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Mandadi Dakshinamurthy Srikanth, Besta Radhika, Department of Oral Medicine and Radiology, MNR Dental College and Hospital, Sangareddy 502001, India
Kiran Metta, Department of Conservative Dentistry and Endodontics, Midsr Dental College and Hospital, Latur, Maharashtra 413512, India
Nukala Valli Renuka, Department of Periodontics, Army College of Dental Sciences, Secunderabad 500087, India
Author contributions: Srikanth MD and Radhika B carried out the extra oral and intra oral examinations, the radiological investigations and the writing of the case report; Kiran M carried out the pre-surgical endodontics; Renuka NV carried out the pre-surgical oral prophylaxis and necessary periodontal investigations.
Correspondence to: Mandadi Dakshinamurthy Srikanth, Senior Lecturer, Department of Oral Medicine and Radiology, MNR Dental College and Hospital, MNR Nagar Fasalwadi, Sangareddy 502001, India. firstname.lastname@example.org
Telephone: +91-984-9207997 Fax: +91-984-9207997
Received: September 19, 2013 Revised: November 30, 2013 Accepted: January 7, 2014 Published online: February 16, 2014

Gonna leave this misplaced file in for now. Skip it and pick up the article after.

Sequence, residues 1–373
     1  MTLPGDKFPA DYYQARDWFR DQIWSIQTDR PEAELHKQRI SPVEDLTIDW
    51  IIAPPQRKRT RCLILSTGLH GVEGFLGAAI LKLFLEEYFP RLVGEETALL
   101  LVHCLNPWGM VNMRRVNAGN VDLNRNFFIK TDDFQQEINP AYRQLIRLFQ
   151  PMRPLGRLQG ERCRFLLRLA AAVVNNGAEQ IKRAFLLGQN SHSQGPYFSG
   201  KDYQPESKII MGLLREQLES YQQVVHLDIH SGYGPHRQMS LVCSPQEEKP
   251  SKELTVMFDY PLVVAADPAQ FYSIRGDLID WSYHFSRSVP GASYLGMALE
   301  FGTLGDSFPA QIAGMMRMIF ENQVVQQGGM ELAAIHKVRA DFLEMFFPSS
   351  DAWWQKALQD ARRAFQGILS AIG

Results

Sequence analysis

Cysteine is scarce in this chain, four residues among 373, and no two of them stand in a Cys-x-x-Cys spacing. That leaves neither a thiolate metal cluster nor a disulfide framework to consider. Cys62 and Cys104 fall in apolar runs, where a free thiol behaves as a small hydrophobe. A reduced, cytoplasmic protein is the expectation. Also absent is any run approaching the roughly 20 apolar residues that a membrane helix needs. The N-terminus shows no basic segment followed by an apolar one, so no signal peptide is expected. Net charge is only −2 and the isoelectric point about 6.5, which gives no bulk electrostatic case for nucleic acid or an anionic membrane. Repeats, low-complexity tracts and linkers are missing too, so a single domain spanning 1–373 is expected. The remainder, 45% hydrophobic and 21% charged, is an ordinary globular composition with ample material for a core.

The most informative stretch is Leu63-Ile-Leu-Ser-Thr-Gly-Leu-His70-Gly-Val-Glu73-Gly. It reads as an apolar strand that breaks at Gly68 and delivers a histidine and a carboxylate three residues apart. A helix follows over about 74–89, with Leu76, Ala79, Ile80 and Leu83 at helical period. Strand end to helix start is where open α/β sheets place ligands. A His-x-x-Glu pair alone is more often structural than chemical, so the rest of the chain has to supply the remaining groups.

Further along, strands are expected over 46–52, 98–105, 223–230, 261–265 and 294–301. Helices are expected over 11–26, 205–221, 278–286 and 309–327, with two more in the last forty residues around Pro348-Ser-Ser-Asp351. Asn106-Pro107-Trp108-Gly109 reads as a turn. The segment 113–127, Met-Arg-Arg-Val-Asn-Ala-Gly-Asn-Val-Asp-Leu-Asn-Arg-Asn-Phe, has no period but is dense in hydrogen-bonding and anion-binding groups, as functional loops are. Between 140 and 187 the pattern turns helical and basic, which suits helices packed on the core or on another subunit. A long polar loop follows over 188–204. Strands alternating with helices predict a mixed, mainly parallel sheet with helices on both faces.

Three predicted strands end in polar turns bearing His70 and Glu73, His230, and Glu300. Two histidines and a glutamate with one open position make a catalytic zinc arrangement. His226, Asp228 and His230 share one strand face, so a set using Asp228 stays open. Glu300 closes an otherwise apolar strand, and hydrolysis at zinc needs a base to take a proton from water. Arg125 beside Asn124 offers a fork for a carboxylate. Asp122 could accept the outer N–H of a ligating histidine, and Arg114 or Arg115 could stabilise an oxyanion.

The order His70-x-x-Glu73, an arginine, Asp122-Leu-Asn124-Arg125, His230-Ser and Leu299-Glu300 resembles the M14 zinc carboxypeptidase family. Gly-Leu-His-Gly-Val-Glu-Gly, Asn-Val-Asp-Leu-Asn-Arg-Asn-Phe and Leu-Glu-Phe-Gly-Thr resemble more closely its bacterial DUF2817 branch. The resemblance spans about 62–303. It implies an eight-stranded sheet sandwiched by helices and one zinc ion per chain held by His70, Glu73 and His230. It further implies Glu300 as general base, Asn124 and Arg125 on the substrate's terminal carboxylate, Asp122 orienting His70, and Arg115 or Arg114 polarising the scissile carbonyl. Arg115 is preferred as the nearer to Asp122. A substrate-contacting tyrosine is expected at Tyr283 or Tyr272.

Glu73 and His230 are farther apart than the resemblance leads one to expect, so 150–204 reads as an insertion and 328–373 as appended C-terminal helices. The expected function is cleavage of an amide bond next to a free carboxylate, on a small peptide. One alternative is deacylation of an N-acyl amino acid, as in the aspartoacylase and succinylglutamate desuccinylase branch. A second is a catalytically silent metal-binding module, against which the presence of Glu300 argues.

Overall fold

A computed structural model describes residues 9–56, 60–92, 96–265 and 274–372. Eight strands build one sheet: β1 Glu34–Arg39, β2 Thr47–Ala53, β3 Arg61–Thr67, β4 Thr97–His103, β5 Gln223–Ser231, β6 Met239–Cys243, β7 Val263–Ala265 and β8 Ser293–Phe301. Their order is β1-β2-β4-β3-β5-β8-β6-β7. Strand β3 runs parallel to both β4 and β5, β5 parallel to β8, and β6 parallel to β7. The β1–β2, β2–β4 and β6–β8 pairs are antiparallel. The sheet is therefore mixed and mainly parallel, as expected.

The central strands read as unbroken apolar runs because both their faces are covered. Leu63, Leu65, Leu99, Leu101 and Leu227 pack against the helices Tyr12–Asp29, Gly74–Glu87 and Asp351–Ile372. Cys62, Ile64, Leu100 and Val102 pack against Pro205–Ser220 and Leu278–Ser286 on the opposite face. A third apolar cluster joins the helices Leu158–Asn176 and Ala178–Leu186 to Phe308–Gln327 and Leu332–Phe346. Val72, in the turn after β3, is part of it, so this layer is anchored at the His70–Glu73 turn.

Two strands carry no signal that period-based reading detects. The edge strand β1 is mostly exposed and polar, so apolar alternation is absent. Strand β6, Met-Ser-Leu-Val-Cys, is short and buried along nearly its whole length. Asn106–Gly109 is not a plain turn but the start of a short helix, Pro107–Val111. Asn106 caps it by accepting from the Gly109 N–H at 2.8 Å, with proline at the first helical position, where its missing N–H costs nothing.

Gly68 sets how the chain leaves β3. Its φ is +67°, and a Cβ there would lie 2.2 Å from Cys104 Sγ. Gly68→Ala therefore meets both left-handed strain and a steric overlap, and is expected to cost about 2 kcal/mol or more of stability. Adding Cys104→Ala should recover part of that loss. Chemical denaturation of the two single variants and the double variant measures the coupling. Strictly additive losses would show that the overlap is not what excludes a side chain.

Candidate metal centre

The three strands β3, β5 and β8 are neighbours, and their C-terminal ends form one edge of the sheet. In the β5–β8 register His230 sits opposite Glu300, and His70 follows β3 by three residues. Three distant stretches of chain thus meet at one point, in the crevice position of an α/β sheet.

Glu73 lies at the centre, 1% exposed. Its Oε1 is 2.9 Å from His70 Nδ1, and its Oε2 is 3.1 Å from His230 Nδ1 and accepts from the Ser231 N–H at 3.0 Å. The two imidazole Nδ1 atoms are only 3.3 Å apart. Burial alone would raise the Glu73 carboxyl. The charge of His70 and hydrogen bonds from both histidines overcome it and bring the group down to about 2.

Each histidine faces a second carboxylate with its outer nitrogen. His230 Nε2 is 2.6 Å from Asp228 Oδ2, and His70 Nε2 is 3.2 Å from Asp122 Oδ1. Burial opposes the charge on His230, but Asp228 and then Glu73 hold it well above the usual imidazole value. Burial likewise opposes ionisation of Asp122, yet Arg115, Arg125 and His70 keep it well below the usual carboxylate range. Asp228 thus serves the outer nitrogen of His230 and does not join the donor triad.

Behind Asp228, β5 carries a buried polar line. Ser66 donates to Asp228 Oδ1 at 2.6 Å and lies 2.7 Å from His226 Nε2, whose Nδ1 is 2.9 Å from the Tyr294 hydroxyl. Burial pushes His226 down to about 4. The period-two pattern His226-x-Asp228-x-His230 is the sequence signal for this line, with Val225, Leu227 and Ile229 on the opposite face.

Core tip: Clinically, ameloblastic carcinoma is more aggressive than most typical ameloblastomas, with extensive local destruction, perforation of the cortical plate, extension into surrounding soft tissues, numerous recurrent lesions and metastasis, usually to cervical lymph nodes. Histologically, the tumor cells resemble cells seen in ameloblastoma but show cytological atypia, cellular pleomorphism, nuclear hyperchromatism, mitoses and vascular and neural invasion. These identifying features of ameloblastic carcinoma must be known and recognized by dental practitioners. It is probable that ameloblastoma, like other tumors (such as carcinoid tumors and epithelial tumors of the ovary), shows a spectrum of histological and biological behavior, ranging from benignity at one end to frank malignancy at the other.